"Oh, yeah," Candace Tangorra Matelic says when asked if the the Center for Contemporary Arts' latest venture, Atomic Surplus, is more than just an art exhibit.

Examining the idiosyncrasies that come along with living near the birthplace of the atomic bomb,
Surplus addresses our state's role in its creation through art, science, a satellite lecture and film series, a sub-exhibition of historic artworks, an essay-driven catalogue and a field-based children's education program. 

"It's an interdisciplinary and multidisciplinary program," Tangorra Matelic, the CCA's executive director, tells SFR. "We are having an exhibit, a film series, a big education program both here and Los Alamos…it's really complex," she continues, assuring "it's the biggest thing we've ever done."

As well as encasing never-before-seen works by Tony Price, Atomic Surplus features a stable of international artists from countries affected in one way or another by nuclear legacy—from Japan to Switzerland—and also serves as the official unveiling of the CCA's newly reconfigured gallery.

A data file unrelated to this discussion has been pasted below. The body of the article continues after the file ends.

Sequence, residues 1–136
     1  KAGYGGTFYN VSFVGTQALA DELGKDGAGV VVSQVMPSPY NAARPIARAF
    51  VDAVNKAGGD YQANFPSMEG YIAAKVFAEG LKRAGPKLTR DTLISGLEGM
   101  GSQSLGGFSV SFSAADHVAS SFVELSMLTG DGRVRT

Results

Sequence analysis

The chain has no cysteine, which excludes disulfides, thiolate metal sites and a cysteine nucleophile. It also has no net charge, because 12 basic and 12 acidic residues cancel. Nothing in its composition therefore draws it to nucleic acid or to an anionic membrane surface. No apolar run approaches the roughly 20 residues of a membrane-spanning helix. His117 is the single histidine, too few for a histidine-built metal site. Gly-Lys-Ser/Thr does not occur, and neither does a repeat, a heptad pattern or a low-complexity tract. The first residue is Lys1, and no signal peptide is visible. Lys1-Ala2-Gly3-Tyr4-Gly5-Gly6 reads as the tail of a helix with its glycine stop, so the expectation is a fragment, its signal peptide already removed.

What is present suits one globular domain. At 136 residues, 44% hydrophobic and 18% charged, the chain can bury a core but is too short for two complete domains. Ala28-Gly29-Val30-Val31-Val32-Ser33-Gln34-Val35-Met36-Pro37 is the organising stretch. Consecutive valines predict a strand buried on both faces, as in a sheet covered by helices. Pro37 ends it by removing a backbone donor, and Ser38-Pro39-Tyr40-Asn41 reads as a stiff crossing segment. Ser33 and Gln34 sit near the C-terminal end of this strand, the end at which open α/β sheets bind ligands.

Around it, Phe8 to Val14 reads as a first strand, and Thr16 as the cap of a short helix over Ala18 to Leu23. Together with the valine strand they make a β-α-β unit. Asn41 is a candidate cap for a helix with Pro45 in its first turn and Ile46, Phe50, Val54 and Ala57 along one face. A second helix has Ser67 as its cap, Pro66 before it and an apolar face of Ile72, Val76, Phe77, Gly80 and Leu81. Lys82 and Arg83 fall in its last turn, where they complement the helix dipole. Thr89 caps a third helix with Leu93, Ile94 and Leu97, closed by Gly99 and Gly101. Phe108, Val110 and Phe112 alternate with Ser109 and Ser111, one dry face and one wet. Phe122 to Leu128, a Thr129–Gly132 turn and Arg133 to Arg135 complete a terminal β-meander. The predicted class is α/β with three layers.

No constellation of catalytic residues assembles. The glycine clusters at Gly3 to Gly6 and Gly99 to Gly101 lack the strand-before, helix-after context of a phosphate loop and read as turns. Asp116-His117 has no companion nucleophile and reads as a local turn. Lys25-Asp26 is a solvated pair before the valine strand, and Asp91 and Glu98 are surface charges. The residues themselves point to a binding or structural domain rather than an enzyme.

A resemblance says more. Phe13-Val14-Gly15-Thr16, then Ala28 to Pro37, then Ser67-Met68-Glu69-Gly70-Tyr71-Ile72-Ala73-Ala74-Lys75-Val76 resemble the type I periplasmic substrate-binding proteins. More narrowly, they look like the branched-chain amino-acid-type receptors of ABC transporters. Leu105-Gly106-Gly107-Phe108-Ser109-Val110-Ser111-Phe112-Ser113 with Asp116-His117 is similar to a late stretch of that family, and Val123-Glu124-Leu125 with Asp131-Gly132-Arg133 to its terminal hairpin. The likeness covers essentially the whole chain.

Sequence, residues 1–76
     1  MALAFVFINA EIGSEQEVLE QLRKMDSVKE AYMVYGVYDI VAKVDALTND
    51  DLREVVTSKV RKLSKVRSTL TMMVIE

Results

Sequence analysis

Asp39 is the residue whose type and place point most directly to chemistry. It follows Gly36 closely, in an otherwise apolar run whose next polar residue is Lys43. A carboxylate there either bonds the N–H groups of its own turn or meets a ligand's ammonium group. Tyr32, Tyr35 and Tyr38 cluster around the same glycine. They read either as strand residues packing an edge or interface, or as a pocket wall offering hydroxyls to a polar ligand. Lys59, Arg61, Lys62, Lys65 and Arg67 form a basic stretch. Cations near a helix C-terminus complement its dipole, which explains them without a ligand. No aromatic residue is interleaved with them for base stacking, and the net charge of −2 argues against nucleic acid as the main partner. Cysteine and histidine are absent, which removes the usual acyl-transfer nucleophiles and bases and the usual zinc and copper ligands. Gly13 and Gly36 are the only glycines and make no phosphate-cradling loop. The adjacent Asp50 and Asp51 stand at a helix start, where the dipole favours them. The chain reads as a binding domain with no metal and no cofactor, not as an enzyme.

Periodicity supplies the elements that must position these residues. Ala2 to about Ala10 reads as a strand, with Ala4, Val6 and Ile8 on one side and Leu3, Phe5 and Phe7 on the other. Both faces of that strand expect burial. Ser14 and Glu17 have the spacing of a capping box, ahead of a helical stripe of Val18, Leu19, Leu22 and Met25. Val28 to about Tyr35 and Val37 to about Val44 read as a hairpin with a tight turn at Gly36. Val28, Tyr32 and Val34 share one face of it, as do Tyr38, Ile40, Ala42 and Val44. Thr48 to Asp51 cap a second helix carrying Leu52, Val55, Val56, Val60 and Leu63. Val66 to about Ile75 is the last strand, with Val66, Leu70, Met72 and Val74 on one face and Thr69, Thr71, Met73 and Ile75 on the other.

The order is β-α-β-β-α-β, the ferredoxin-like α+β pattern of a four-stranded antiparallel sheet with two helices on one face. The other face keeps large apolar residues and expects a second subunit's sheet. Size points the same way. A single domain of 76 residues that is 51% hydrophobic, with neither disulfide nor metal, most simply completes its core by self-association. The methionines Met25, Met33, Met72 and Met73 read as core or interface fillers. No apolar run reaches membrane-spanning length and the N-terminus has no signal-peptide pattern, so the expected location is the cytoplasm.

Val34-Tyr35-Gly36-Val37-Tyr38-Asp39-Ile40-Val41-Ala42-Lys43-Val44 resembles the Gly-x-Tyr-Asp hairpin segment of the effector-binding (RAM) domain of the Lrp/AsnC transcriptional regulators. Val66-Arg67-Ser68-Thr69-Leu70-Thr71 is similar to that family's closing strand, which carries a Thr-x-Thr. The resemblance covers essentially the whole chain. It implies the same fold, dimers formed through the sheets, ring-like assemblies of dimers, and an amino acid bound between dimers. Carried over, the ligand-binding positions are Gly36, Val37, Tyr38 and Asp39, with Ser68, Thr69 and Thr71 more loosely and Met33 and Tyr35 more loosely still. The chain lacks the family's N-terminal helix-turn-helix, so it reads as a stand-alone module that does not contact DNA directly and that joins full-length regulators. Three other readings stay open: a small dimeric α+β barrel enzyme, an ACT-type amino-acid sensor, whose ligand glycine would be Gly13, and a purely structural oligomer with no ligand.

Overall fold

"When curating group exhibitions, I strive not to create a precise narrative, but rather offer many points of entry for deeper consideration," Erin Elder, CCA's visual arts director says of her approach. "I think of each project as stakes on the edge of a tent; how the tent is erected or what shape it takes is really up to the individual doing that lifting."

"I expect audiences to find interesting connections and tensions between the projects and artworks, but what meaning they assign to them or to the whole exhibition is up to individual interpretation," Elder says. She hopes Atomic Surplus and all its periphery events "create a space for dialog about a regionally significant subject that has various global and contemporary impacts."

Coinciding with the kick-off to the center's 35th anniversary, the herculean exhibit comes as a result of a partnership between the CCA, the Los Alamos Historical Society, The National Museum of Nuclear Science & History, and others. 

"We've worked with many different people to create a scattershot of perspectives that are really only a sampling and an invitation for audiences to coauthor the narratives around nuclear legacy," says Elder.

Along with the main exhibit which features the work of 12 artists, Surplus' programming includes special events through the end of the year that highlight artistic and intellectual creation in the post-atomic world.

"This is an important subject that, because it is so potent, is perfect for an art-driven discourse," Elder concludes.

Atomic Surplus
6-8 pm Friday, Oct.11
CCA, 1050 Old Pecos Trail,